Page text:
Read more…

Tiny Spark Assistant Producer and Reporter Stephanie Kuo.

Stephanie Kuo Joins Tiny Spark

We are thrilled to announce that public radio journalist Stephanie Kuo has joined Tiny Spark!

Stephanie’s work has been featured across several NPR stations in her home state of Texas, on subjects ranging from poverty and transportation to urban development. She will be based in Dallas. Read more…

A Global Detour Before College

Graduation season is here, but not all high school seniors are taking the direct route to college. In recent years, some 350 seniors have chosen to put higher education on hold for Global Citizen Year, which offers them year-long apprenticeships in Africa and Latin America. Read more…

Not If, But When: Planning for the Next Nepal

The 7.8-magnitude earthquake that struck Nepal was the nation’s worst in some 80 years. International aid groups are rushing to help more than a million people get food and other forms of relief.

But our guest Brian Tucker says responding to crises in this way is shortsighted, costly and just poor policy. Read more…

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On World Malaria Day, A Look Back On Bed Nets

April 25, 2015 marks World Malaria Day. The latest figures from the World Health Organization show 198 million cases of malaria in 2013 — which led to 584,000 deaths, mostly among children under age five. Read more…

Why Philanthropy Should Push Back Against the Business Mindset

Giving more money to altruistic initiatives should make those programs stronger, right? Not necessarily. Even some of the most well-known, well-intentioned programs have fallen short of their promises, especially ones funded on hunches instead of data. Read more…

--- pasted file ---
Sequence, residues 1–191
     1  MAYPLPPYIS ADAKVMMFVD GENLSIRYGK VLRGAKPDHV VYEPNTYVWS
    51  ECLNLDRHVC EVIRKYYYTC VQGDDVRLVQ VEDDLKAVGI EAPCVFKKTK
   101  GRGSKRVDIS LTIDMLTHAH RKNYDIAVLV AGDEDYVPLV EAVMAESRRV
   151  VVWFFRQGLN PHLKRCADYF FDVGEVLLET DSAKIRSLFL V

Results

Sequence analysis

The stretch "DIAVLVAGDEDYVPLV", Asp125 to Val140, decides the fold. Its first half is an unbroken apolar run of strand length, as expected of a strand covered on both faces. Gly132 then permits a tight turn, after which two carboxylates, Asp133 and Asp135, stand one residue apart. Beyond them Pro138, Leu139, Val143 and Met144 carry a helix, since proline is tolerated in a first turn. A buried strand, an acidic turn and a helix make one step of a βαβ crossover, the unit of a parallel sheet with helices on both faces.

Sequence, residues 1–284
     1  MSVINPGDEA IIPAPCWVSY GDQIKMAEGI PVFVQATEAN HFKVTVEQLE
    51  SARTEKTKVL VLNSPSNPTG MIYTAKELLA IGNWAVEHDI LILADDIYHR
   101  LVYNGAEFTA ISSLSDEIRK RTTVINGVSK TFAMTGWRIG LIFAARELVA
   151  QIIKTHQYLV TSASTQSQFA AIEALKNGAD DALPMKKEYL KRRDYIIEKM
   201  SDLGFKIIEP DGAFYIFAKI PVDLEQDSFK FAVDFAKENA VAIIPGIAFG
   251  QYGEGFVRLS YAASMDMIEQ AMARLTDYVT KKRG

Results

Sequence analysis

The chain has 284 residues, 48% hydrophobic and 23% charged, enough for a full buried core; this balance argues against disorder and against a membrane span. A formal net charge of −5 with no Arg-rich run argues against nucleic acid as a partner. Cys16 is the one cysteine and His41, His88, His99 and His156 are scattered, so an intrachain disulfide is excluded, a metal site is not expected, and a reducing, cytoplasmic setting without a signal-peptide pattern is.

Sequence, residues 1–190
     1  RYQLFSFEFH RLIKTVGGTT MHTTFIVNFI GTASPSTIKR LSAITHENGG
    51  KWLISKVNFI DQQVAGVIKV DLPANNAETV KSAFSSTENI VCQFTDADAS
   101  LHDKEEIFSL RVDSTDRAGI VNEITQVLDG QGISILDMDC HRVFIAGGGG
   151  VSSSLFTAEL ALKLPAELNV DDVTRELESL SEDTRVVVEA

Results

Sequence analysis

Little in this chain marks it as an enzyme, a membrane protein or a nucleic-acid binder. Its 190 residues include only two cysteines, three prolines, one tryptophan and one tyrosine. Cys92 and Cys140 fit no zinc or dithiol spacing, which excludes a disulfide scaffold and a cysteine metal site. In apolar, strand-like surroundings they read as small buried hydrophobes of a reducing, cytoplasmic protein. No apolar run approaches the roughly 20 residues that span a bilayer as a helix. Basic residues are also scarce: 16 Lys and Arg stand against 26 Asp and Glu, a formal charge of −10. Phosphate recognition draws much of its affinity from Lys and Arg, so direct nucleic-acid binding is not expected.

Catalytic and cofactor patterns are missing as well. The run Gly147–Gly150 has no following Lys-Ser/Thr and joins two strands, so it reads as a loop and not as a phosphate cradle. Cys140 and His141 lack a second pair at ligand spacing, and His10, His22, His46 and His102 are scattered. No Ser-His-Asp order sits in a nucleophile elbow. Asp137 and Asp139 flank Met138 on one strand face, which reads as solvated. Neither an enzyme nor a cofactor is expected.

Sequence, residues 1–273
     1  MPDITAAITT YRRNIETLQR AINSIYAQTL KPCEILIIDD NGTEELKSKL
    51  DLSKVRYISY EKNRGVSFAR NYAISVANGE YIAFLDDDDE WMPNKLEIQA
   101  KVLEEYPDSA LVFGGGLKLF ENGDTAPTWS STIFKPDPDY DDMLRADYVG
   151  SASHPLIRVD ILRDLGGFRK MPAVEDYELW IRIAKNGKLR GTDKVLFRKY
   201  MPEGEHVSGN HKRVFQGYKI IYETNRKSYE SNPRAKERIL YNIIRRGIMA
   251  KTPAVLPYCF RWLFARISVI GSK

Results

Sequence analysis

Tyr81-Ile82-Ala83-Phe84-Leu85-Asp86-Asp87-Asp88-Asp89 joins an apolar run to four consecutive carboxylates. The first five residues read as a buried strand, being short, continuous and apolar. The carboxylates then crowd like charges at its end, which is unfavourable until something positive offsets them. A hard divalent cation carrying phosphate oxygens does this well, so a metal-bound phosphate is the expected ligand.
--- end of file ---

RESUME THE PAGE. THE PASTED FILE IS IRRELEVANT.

n the yellow helmet and socks, I take on my first men's race in Ontario, California, on March 22, 2015. Photo by Billy Cordero.

Finding the Good in a Bad Crash

By Amy Ta

This podcast is about doing good. But bad thoughts have been hampering me since March 22, 2015. That was the day I smashed face-first onto pavement during a criterium bike race in Ontario, California. Read more…

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Tiny Spark Listed Among Top Podcasts

Tiny Spark was listed twice on Medium’s 21 Top Podcast Episodes for Global Thinkers:

Medium recommends:

Our interview with author Nina Munk critiquing Jeffrey Sachs’ Millennium Villages Project. Author Jaclyn Schiff writes: “Why listen? Just because one has a good plan to end extreme poverty and $100 million+ to execute it doesn’t mean it will work.” Read more…

Spring Cleaning? Before You Donate It…


It’s spring here in the US, so for many that means it’s time for the “big clean”. We dig into our closets, find a pile of tired clothes, and dump them at the Salvation Army or Goodwill. Maybe Oxfam if you’re in London.

Read more…

Journalist Questions Her Paycheck After Aid Scandal

Update 8/5/2015: U.S. district court judge Royce C. Lamberth recently ruled that USAID acted unlawfully when it suspended IRD for financial misconduct. Judge Lamberth is requiring USAID to hastily revert the suspension and to remove potentially damaging mentions of the suspension from its admin records. See more from Devex’s report.
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Charities: Flattering Reports, Poor Data

Nonprofit advisor Caroline Fiennes has a lot to say about how we assess charities. She used to run one herself. Back then, Fiennes would try to figure out whether her organization was achieving its goals but admits she wasn’t always forthcoming about the findings. “When the results were good, we would share them,” she tells us. “And when they weren’t, we didn’t.” Read more…

HIV Disclosure: Privacy, Pressure & Public Health

Medical anthropologist Adia Benton spent two years looking at HIV programs in Sierra Leone. What she saw unsettled her. “It calls into question what international programs like this do to people,” she tells us. Benton is an assistant professor of medical anthropology at Brown University and author of the forthcoming book, HIV Exceptionalism: Development through Disease in Sierra Leone. Read more…

Teaching the Next Generation of Global Innovators


Carrboro High School in Carrboro, North Carolina is an unlikely meeting place for leaders of international aid and development. But over the years, global studies teacher Matt Cone has given his students face time with an impressive list of guests: former USAID administrator Rajiv Shah, Nobel Peace Prize-winning economist Mohammed Yunus, first lady Laura Bush and more.  Read more…

Ebola: One Doctor in a Firefight

TIME Magazine named those treating Ebola patients as its 2014 Person of the Year. Joel Selanikio is one of them.